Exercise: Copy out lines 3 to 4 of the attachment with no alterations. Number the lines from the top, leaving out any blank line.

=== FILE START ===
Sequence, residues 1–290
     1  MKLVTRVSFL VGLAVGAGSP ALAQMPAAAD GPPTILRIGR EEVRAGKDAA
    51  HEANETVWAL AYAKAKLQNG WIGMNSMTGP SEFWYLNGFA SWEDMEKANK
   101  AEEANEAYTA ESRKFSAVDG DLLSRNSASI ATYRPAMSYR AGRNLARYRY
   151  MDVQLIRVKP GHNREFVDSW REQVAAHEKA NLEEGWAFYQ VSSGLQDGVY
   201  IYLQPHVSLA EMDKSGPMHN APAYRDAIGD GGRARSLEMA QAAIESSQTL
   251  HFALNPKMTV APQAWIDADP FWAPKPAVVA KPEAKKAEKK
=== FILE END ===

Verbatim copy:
    51  HEANETVWAL AYAKAKLQNG WIGMNSMTGP SEFWYLNGFA SWEDMEKANK
   101  AEEANEAYTA ESRKFSAVDG DLLSRNSASI ATYRPAMSYR AGRNLARYRY